System hacks: practical and simple PowerShell commands

Starting from Windows 10 version 1703, PowerShell has taken the place of the former Command Prompt and become a must-have tool for Windows administration. However, many ordinary Windows users do not know what it is used for. In fact, by executing simple commands in the PowerShell window, you can often solve some practical problems.

Preliminary Knowledge: Basic Use of PowerShell

In addition, PowerShell can be invoked in the File menu of Explorer (Figure 1); of course, you can also call Powershell directly through Cortana.


Similar to the command prompt window, PowerShell also performs tasks in a command-based manner. In addition to typing commands one by one in the PowerShell window, we can also write commands to a plain text file with the extension .ps1 and then execute them by right-clicking the menu and selecting “Run with PowerShel “to execute it. By double-clicking on the .ps1 file, you can also directly launch the dedicated PowerShell script editor Windows PowerShell ISE and edit the PowerShell script file (Figure 2).


1. Quickly grasp the number of Start menu items

The Windows 10 Start menu is all-encompassing, but it’s just different kinds of shortcuts. So, how do you know the number of shortcuts that this computer’s Start menu has? Simply execute the following command in a Powershell window (Figure 3).

Get-StartApps | measure


After executing the command, we see that the number of Start menu shortcuts (170 in this case) is already displayed after the Count counter.

If you omit the subsequent measure parameter and just execute the simple Get-StartApps command, you can get information about each shortcut, including its name and ID information (Figure 4).


Tip: The use of checking the number of Start menu shortcuts

Earlier version of Windows 10 system, when the number of shortcuts in the Start menu is too many (more than 512), the problem of Start menu failure may occur. To avoid this problem, you can count them in advance, and if they are about to exceed the limit, you can clean them up in advance to prevent the problem before it happens.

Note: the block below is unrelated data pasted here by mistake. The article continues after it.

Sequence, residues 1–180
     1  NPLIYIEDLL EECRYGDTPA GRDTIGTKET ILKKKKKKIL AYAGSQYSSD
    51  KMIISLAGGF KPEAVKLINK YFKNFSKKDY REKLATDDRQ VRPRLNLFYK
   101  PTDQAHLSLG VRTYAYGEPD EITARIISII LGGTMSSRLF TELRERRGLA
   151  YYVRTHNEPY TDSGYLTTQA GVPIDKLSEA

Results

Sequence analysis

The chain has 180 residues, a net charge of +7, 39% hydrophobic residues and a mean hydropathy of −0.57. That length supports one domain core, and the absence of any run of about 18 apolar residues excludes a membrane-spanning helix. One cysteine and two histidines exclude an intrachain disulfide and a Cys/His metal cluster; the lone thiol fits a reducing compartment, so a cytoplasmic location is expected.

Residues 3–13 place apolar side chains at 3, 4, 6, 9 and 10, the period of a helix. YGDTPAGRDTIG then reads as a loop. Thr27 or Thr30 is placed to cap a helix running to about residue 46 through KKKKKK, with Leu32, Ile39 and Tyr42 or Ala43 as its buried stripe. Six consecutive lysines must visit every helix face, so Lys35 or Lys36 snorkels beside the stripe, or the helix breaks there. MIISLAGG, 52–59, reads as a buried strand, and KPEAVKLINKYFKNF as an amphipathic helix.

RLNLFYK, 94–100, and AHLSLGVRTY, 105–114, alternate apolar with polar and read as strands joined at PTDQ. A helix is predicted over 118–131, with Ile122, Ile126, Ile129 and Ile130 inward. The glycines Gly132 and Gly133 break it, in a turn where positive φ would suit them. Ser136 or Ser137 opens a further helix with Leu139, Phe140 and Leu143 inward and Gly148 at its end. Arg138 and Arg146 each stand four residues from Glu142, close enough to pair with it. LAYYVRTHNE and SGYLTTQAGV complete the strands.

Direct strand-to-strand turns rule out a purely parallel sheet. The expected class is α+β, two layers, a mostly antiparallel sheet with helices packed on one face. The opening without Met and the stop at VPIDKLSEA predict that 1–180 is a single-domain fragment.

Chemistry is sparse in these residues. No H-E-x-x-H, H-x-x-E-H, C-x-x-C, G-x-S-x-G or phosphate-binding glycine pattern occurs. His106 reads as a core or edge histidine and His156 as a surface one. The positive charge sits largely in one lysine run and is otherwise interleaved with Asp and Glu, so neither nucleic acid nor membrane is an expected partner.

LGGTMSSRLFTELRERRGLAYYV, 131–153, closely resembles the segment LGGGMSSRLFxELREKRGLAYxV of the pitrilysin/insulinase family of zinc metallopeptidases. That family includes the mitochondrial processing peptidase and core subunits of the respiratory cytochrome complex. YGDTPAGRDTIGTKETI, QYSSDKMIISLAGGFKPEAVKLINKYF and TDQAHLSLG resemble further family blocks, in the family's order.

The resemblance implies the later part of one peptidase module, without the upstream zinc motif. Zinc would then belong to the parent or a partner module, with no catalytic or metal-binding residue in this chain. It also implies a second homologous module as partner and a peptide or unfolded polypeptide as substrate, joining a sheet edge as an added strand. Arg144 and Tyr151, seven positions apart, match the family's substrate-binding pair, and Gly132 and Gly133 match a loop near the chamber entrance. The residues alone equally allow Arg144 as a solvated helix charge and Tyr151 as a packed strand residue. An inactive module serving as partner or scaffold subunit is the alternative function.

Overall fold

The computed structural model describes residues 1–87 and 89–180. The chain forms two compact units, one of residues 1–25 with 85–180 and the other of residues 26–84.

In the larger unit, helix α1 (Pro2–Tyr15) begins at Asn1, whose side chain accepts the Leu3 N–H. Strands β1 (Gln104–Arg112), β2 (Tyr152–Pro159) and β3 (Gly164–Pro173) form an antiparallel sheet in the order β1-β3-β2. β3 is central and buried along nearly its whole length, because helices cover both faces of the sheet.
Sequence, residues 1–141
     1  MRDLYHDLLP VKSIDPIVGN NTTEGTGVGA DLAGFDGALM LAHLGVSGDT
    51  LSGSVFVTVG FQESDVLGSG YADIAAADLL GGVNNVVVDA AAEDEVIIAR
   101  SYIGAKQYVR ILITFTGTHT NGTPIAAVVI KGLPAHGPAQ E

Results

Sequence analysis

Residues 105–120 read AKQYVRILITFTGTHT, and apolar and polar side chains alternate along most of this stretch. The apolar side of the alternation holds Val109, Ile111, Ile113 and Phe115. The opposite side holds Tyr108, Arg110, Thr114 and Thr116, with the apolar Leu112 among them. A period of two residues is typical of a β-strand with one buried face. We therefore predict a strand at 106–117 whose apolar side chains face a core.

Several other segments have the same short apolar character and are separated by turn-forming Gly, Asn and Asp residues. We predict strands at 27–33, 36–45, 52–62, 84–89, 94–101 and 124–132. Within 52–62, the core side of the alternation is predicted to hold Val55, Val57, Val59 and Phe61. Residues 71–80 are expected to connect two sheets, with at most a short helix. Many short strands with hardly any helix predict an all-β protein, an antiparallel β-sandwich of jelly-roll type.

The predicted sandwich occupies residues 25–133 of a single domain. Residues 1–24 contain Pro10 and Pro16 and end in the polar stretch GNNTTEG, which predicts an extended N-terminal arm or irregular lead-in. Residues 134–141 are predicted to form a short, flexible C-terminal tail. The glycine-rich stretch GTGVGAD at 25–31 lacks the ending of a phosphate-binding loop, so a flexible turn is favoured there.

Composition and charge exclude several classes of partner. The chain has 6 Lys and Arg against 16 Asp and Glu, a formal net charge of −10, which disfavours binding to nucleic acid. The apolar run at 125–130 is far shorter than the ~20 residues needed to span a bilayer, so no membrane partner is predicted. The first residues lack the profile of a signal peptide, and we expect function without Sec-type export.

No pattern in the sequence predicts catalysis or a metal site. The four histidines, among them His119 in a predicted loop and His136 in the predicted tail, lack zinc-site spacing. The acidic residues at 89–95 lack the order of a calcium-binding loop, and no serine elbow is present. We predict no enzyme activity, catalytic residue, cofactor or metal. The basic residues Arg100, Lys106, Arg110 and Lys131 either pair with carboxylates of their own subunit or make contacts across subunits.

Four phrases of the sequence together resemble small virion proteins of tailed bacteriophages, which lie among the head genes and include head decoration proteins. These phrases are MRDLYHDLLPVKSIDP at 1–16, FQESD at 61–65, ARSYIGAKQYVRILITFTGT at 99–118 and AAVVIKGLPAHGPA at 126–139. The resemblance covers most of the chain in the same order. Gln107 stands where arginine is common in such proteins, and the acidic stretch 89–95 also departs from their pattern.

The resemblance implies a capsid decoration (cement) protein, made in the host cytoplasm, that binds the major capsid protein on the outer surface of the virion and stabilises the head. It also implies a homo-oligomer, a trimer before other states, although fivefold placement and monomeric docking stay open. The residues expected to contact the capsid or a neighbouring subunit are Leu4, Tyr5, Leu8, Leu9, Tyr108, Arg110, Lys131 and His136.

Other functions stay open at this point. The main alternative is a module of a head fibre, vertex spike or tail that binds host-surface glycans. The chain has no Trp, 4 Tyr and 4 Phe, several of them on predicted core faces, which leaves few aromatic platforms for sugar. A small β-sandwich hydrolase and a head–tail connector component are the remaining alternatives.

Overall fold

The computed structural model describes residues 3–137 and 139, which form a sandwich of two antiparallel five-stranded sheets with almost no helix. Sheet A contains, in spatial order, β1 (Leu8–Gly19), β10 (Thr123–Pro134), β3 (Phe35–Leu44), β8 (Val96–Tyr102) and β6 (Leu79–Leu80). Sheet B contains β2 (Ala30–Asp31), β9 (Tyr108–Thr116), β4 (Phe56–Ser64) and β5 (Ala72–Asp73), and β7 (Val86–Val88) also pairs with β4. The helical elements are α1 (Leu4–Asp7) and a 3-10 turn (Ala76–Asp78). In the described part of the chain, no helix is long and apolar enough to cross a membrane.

2. Create folders in bulk at once

Using PowerShell simple command, you can create a group of folders arranged by serial number. For example, to create “E:999” folder “experimental results 1”, “experimental results 2” … …all the way to “Experiment 20”, a total of 20 folders.

First, execute the “E:” command and “CD 999” in a PowerShell window to switch to the current working folder 999, and finally execute the following command (Figure 5).

MKDIR $(1..20 | %{“Experimental Results $_”})


In this way, the above 20 folders are automatically created under folder 999.

Command parameters: MKDIR is the command to create folders; the number string 1…20 indicates the serial number of folders; “experiment result” is the prefix of folder name; $_ indicates the serial number, and the result is consistent with the number taken before.

3. Generate the original file information checksum

We often see that some software downloads on the Internet will provide SHA1, MD5 and other file checksums, such as the download of ISO installation files from the Microsoft website. How to generate these checksums? Actually, you can generate various file checksums with PowerShell.

For example, to generate MD5 checksum for the file “E:Win7_PE3.0_51M.iso”, you can execute the following command in the PowerShell window (Figure 6).

Get-FileHash E:Win7_PE3.0_51M.iso -Algorithm MD5| Format-List


After the command is executed, the result displays the Hash checksum value of MD5 type. If the command line does not take the -Algorithm parameter, i.e., does not specify the type of Hash value to be verified, the default verification type is SHA256 value.

Tip: Get-FileHash command can verify the Hash value types include: MD5, SHA1, SHA256, SHA384, SHA512, MACTripleDES, RIPEMD160. to generate a certain check code, just replace the MD5 in the above command with the corresponding parameters.

Tip: Create a new PowerShell file with the right-click menu

PowerShell is powerful, if you want to automatically execute more than one command at a time, create a text file with .PS1 extension and add commands to it. For your convenience, you can add the command to create a new PowerShell script to the context menu. Simply create a new ShellNew sub-section in the Registry Editor under the “HKEY_CLASSES_ROOT.ps1” branch, and under that sub-section create a new string value named NullFile (the value data is left blank by default) (Figure 7).


So right-click on the desktop or Explorer, select “New”, and you will see the “Windows PowerShell Script” item (Figure 8).


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